Business Barometer: Employment growth catches up to state and nation

Business Barometer is a quarterly GSI publication that highlights significant economic indicators for the greater-Spokane region, as told by four local economists. The blog series contains eight posts; you’re reading post #2.

Q1 2015-Labor Force_Table





The first quarter employment numbers were “very encouraging,” according to Doug Tweedy, regional economist, Washington State Labor Market & Economic Analysis.

Spokane County added 5,414 jobs in first quarter 2015 compared to the same period in 2014. This job growth rate of 2.4% exceeds the state and nation, which had first quarter rates of 2.3% and 2.0%, respectively.

“We’re just beginning to see unemployment dropping because of job growth and not from discouraged workers moving away or leaving the job market — which means it is a more healthy labor market,” says Avista Chief Economist Grant Forsyth.

“We are close to the job peak of 2008 in Spokane County,” says Tweedy. “We gained 4,000 jobs in 2014 and are on track to gain 6,000 jobs in 2015. In addition, our economy is more diversified now, which helps job seekers because there are a variety of firms hiring and positions available for workers with different skill sets.”

Steve Scranton, chief investment officer for Washington Trust Bank states, “Spokane is now matching up to the employment growth rate for Washington state and the US. We should be encouraged because much of the country is adding low-wage jobs and, overall, we have been creating more higher paying, skilled jobs locally.”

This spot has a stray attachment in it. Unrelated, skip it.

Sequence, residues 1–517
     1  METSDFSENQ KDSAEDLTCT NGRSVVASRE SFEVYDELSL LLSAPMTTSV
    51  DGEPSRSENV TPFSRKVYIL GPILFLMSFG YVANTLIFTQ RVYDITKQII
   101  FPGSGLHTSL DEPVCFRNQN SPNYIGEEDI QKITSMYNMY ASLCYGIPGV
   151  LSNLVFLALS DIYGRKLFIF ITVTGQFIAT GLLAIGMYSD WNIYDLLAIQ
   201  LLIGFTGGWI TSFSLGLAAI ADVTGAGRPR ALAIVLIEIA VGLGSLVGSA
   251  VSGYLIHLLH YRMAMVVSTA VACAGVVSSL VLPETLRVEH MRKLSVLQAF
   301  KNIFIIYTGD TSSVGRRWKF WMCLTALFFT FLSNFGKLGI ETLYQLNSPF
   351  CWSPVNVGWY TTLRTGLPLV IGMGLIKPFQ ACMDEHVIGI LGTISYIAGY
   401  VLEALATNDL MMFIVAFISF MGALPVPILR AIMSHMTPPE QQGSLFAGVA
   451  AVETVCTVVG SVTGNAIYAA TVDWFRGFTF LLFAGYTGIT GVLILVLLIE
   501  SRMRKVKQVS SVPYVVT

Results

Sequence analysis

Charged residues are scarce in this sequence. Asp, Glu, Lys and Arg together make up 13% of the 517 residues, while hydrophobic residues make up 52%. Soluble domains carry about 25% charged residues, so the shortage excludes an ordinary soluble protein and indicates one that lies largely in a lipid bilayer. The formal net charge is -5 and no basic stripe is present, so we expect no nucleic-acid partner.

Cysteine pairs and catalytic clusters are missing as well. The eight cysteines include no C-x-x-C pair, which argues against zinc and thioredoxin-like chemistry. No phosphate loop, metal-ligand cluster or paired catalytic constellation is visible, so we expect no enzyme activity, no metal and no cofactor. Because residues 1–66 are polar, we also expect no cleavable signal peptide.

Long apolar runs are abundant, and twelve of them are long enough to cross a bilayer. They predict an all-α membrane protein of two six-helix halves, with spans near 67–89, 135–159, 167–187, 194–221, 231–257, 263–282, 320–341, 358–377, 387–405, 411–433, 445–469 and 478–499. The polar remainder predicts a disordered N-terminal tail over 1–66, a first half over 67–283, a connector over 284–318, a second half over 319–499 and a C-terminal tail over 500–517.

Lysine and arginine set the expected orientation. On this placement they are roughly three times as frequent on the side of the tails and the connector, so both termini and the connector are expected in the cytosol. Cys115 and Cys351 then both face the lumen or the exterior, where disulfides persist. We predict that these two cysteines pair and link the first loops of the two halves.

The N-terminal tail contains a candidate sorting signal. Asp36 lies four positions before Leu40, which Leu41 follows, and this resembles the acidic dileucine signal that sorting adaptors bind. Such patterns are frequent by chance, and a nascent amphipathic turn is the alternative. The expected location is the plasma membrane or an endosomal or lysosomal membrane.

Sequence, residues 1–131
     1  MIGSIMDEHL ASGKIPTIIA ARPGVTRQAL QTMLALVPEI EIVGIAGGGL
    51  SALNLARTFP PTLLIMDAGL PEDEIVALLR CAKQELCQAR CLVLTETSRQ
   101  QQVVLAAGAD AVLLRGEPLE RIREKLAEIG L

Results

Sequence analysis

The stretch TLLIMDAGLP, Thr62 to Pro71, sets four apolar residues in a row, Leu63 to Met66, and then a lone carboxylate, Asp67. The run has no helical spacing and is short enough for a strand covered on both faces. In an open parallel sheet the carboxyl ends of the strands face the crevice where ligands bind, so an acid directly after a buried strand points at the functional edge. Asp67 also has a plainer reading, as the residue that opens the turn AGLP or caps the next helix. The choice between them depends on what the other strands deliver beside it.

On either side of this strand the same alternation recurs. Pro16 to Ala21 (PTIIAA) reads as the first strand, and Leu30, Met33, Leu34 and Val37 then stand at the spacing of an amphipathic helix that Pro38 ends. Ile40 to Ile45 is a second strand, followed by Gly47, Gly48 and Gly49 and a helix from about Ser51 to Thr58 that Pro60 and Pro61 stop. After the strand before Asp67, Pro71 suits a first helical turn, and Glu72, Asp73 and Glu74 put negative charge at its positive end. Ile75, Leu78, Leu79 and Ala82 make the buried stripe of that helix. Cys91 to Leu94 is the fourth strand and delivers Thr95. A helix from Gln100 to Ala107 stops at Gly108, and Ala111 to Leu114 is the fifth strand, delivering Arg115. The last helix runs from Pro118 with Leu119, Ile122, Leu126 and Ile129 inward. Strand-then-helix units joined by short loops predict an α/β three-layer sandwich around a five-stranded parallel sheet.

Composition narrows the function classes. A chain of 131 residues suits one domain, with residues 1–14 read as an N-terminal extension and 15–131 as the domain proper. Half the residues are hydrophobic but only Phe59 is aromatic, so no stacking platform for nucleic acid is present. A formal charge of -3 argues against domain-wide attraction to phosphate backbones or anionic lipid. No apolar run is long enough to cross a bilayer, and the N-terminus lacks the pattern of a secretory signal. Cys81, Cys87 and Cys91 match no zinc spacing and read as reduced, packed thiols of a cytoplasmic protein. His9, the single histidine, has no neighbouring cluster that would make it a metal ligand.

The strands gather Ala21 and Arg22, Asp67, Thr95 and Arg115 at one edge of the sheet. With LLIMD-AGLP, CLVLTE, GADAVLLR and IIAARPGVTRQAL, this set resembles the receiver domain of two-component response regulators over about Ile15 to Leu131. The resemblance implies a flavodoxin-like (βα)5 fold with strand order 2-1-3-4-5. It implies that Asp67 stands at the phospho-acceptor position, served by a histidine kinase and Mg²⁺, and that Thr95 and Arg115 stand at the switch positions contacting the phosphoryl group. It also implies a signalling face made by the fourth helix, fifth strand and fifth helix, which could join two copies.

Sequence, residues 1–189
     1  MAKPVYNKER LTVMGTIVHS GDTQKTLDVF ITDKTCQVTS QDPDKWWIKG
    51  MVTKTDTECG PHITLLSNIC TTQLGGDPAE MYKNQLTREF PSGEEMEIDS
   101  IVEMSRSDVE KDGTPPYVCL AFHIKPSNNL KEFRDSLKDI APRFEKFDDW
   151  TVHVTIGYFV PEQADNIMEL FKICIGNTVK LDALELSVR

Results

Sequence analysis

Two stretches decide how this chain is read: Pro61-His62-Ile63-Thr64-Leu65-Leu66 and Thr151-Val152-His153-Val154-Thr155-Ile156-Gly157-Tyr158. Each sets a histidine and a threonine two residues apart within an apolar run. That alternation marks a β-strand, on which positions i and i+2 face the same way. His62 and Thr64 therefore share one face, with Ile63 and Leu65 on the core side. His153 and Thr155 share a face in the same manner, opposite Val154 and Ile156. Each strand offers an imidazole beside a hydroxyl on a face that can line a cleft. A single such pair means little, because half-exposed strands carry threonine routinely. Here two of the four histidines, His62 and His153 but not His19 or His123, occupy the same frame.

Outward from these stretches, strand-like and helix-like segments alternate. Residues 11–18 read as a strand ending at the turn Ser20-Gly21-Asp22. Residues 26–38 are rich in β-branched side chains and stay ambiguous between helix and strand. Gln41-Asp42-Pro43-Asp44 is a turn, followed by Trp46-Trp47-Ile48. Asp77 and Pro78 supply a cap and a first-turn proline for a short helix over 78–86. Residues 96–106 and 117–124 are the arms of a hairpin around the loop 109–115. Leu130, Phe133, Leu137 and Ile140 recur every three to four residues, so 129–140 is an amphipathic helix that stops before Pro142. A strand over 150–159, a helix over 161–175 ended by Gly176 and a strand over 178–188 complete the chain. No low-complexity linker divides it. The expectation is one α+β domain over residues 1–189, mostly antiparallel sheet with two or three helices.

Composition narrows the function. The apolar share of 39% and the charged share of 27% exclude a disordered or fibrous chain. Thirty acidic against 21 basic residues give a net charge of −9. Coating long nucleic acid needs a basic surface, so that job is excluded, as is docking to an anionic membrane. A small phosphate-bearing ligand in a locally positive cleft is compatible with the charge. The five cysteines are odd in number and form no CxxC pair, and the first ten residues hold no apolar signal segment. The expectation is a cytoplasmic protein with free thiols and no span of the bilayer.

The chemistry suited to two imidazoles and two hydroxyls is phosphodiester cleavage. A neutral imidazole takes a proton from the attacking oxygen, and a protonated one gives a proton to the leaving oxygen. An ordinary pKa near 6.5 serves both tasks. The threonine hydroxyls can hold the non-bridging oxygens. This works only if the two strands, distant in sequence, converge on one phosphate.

Spokane’s unemployment rate fell from 8.2% in first quarter 2014 to 7.9% in 2015, but still lags the state’s 6.5% and the nation’s 5.8%.

“Part of the reason we have a higher unemployment rate in Spokane is because we are a regional hub that attracts people looking for work from surrounding areas,” says Tweedy. “However, as the labor market begins to tighten up, this becomes a benefit because we have a larger pool of available workers.”

Tweedy also notes the number of initial claims for unemployment, a leading indicator, continues to decrease and is now at 2007/2008 levels. This indicates that the unemployment level will go down in the future.


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